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of that should be documented for patient history. They are 1) history of present illness (HPI), which includes the chief compliant (CC), 2) review of (organ) systems (ROS), and 3) review of past medical, family and social history (PFSH). Generally, the medical assistant or nurse will document the patient’s CC and HPI. The CC, according to CMS, should be “a concise statement describing the symptom, problem, condition, diagnosis, physician recommended return, or other factor that is the reason for the encounter”. Most physician offices use a history form template, and the patient fills in the blanks for the review of systems. For all patients, all three components of the history, e.g., HPI, ROS and PFSH are required to be documented for a “complete” history, or 2 components for a “pertinent” history. Key #2: Physical Exam (PE) There are two sets of Official Coding Guidelines published by CMS that particularly affect the physical exam component of EM. They are the 1995 Evaluation and Management Documentation Guidelines and the 1997 Evaluation and Management Documentation Guidelines. See Chart 2: 1995 and 1997 EM Physical Exam Guidelines: Source Original Chart, Criteria from CMS Guidelines To determine the level of physical exam performed using the 1995 guidelines, the coder should count the number of organ systems or body areas examined and documented by the physician. To determine the EM level of the physical exam using the 1997 guidelines, the coder should count “elements” of a particular organ system examined. The 1995 guidelines are generally used by primary care physicians (PCPs), because they tend to look at more organ systems in their examination of the patient. Specialty physicians tend to use the 1997 guidelines because they tend to examine one or fewer organ systems and focus on a single organ system. For example, an ophthalmologist obviously exams eyes; therefore, they will get credit for the “elements” that they exam during the eye exam. The coder will count the exam elements that the physician has documented and then choose the level of exam based on those elements. For example, if the ophthalmologist does all 12 examination bullet points in Illustration 2, then they will get credit for a “detailed” examination. In order for the ophthalmologists to get credit for a comprehensive physical exam, they would have to examine additional organ systems in addition to the eye. In total, the 1997 guidelines define twelve categories of single system examinations (SSE), including psychiatry, neurology, dermatology, gastrointestinal, cardiology, respiratory, musculoskeletal, genitourinary, ear nose and throat (ENT), and hematologic/lymphatic/immunologic.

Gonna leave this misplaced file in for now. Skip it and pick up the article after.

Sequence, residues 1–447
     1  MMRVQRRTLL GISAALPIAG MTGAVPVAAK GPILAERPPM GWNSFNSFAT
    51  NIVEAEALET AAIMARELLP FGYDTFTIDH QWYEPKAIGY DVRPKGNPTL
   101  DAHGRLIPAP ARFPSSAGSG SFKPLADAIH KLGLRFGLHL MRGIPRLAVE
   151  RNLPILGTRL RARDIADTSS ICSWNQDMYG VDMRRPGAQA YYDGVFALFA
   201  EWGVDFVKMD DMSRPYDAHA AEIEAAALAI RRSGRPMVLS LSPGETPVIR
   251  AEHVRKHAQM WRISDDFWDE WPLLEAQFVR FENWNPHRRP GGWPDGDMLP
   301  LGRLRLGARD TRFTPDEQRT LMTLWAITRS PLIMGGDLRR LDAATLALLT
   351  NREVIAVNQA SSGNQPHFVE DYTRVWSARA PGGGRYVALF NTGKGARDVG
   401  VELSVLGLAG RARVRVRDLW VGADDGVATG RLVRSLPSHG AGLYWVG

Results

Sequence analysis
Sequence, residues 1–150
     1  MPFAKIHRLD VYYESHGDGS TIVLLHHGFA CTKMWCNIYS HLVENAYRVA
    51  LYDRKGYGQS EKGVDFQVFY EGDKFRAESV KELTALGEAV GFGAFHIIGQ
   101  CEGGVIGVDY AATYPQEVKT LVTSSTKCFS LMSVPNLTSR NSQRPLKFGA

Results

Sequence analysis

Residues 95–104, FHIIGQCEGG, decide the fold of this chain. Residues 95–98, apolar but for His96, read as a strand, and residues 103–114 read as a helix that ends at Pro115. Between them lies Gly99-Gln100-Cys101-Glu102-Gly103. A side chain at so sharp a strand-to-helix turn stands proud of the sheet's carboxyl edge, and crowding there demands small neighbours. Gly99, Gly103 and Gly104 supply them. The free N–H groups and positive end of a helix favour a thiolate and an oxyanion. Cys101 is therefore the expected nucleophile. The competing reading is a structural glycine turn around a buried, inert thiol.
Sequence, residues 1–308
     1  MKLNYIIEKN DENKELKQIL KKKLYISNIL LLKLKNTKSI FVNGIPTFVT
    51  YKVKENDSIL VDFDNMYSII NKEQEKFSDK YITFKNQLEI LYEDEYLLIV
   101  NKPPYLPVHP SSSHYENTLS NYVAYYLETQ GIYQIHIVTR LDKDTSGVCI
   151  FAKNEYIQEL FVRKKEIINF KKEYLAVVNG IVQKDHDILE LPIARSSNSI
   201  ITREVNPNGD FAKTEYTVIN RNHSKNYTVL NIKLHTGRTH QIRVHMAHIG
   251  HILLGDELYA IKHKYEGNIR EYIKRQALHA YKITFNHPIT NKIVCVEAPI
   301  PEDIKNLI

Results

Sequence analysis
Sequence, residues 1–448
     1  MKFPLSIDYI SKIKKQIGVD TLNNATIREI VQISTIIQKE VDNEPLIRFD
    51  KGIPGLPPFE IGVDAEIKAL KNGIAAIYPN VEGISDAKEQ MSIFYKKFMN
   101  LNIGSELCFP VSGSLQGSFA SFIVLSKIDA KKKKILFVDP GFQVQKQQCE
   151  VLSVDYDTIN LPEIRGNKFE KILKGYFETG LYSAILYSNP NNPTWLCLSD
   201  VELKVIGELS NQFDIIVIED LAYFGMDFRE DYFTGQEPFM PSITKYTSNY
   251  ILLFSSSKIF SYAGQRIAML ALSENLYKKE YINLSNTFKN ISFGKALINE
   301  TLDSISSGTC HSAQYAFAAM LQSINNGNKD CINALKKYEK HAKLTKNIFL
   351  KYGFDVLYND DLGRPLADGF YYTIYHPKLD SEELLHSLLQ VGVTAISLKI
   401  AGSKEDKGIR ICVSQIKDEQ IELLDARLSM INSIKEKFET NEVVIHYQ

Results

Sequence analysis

Key #3: Medical Decision Making (MDM) Next is determining the level of the physician’s medical decision making (MDM). The MDM refers to the level of risk and difficulty involved in the diagnosing, treatment, and medical planning that is involved in an EM visit. The MDM may be straight forward, low complexity, moderate complexity or high complexity. See Chart 3: Decision Making (RISK table) SF: Straight Forward Minimal 1 LC: Low Complexity Limited 2 MC: Moderate Complexity Multiple 3 Minimal 1 Limited 2 Multiple 3 Extensive >4 Minimal 1 Low Moderate High
HC: High ComplexityExtensive >4 Key #4: TIME